1. Not flowing with the times. Most superheroes were held in stasis that when any meaningful changes they were met with derision. Worse still when said changes were made they were eventually reversed, sometimes decades after. See Spider-man and The Flash. IMO, superhero comics completely missed a generation because of this and they are now struggling to get them back.

    2. Marrying themselves to a broken distribution system. Comics distribution used to be massive both within and outside the direct market with multiple distribution companies. The indirect market basically stopped carrying comics and the direct market basically collapsed in the 90s with Diamond emerging as the sole distributor. This should have been a signal to the companies to adjust their practices and immediately explore new forms of distribution. The direct market as it stood pretty much prevented the creation of new comics and basically set a hard limit to what superhero comics could be. I keep going back to the case of Motor Crush which was completely under ordered in the direct market but tore up the bookstore market. Same with titles like Ms Marvel and even Coates Black Panther. Poor distribution has basically kept the market from growing and Marvel and DC stuck themselves to this...until Diamond almost collapsed the industry and the big two finally woke up and moved away from Diamond. The problem is that it’s too late now, the damage is done.

    3. Not enough diversity. All other forms of entertainment have learnt and understood that diversity in an increasingly diverse society is absolutely necessary to survival. But instead of creating more diverse characters and pushing them out, the big two simply doubled down on their existing portfolio completely ignoring real demographic change. How can a medium that appeals to young people with majority of characters being white really be successful in a society where majority of the population under a certain age isn’t even white? It doesn’t make any sense. Marvel and DCs solution to this has been somewhat inelegant because they basically had to start changing existing characters race and sexuality to appeal but this isn’t always the best way and can create friction.

    4. Pricing. Comics are unrealistically expensive and it really doesn’t make sense for any lower to middle income adult to spend $4-$5 on a few minutes of entertainment each week. It just doesn’t make sense. This is stuff that needs to be addressed because my understanding is that comic prices are rising faster than inflation which is completely unsustainable.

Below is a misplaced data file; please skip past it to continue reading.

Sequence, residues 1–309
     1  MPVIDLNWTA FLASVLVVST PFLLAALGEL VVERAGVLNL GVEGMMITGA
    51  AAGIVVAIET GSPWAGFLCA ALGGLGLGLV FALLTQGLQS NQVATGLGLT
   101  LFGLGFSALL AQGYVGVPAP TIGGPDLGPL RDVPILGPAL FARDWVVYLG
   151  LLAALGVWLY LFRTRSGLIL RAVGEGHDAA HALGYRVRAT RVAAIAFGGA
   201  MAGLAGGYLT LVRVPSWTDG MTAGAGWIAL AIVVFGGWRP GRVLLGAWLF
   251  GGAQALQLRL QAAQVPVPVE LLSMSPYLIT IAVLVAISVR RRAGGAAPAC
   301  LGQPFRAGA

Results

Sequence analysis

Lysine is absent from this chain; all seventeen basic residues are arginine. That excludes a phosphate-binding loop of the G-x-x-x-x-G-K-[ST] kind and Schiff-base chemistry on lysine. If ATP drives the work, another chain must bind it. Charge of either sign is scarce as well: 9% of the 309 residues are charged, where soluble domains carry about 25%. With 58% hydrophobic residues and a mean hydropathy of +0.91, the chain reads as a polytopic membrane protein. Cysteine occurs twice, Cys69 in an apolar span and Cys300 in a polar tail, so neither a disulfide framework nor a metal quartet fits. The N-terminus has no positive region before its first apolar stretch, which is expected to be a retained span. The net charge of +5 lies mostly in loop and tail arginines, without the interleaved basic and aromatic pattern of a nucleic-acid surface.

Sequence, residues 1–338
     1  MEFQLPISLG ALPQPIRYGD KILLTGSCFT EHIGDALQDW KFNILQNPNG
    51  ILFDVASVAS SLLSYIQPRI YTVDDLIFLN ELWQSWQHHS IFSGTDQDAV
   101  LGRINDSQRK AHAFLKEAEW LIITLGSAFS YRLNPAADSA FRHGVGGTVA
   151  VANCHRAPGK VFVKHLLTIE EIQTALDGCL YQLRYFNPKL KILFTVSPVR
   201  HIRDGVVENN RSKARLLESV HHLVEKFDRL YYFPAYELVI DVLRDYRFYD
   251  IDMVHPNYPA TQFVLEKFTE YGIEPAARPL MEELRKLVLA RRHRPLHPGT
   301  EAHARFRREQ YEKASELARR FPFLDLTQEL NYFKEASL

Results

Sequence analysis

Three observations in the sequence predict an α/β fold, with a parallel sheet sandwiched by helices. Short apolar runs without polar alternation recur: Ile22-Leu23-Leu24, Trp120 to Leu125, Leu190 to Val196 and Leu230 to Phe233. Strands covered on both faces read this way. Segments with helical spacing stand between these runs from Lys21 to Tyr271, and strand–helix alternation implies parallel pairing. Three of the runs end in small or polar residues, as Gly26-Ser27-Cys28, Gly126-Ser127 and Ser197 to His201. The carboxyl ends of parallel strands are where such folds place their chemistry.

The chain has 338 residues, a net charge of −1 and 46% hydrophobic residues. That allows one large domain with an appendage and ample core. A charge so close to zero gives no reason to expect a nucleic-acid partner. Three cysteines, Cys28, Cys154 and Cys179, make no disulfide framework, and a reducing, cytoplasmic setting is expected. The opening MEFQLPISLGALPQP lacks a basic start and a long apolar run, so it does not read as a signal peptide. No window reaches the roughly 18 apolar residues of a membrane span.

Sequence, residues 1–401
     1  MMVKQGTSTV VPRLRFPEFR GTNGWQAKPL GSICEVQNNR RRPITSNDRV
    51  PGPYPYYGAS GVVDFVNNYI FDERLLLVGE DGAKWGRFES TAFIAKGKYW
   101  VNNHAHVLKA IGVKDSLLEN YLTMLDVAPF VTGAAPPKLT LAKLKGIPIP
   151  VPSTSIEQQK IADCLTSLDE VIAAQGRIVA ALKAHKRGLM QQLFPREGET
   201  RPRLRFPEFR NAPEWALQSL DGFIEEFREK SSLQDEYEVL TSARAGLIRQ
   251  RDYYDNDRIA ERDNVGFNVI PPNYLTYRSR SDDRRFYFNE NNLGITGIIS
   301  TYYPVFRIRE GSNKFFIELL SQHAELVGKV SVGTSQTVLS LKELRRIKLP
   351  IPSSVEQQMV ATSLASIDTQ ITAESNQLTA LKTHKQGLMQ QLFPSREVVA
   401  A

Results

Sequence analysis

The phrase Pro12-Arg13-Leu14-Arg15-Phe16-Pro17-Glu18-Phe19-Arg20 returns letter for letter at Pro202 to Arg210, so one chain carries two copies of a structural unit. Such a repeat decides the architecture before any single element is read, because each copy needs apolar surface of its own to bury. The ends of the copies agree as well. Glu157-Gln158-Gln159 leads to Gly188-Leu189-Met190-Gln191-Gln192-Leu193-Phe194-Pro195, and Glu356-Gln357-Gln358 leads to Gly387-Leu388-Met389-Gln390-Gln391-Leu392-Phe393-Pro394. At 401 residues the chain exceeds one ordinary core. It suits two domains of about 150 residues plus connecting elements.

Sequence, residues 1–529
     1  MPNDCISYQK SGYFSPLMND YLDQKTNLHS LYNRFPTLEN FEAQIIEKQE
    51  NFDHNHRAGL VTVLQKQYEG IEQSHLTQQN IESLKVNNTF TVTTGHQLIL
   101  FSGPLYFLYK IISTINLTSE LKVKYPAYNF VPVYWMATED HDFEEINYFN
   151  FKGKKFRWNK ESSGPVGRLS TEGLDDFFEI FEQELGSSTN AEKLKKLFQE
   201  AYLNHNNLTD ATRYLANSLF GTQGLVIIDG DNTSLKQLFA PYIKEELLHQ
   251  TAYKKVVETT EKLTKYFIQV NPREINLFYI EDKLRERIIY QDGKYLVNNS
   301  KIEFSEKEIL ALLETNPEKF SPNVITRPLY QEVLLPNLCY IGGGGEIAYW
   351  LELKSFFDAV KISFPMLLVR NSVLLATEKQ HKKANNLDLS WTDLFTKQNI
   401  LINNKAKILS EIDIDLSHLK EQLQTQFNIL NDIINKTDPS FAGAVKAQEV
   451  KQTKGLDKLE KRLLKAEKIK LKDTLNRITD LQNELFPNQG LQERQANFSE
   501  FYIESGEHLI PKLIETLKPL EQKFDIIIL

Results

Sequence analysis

Last edited by Username taken; 05-06-2021 at 10:58 PM.
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  13. #13
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    Quote Originally Posted by Revolutionary_Jack View Post
    Marvel's problem is that it's owned by Disney.

    DC's problem is that it's not owned by Disney.
    None of these are actual problems.

  14. #14
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    Quote Originally Posted by Phoenixx9 View Post
    4. Being out of school so long, are the kids even able to read the comics?
    A library card solves this problem. I buy books of my favorite characters but I BORROW the rest. No need to waste money.
    Last edited by Tofali; 05-08-2021 at 03:27 AM.

  15. #15
    Astonishing Member CSTowle's Avatar
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    I'd agree with everything MRP said. I love the hobby, it sucked me in young (a long, long time ago) and I'm here for the duration. But when it dies (in periodical print format) I can't say I'll be sad. I've read a few made-for-online free comics and they're not bad. I think that's a system that can grow, and has more potential revenue streams (not to mention more for the actual creators/artists).

    As to old time floppies/trades there's still so much out there that if every company currently publishing stopped tomorrow I'd never run out of things to read. Not to mention re-visiting old favorites.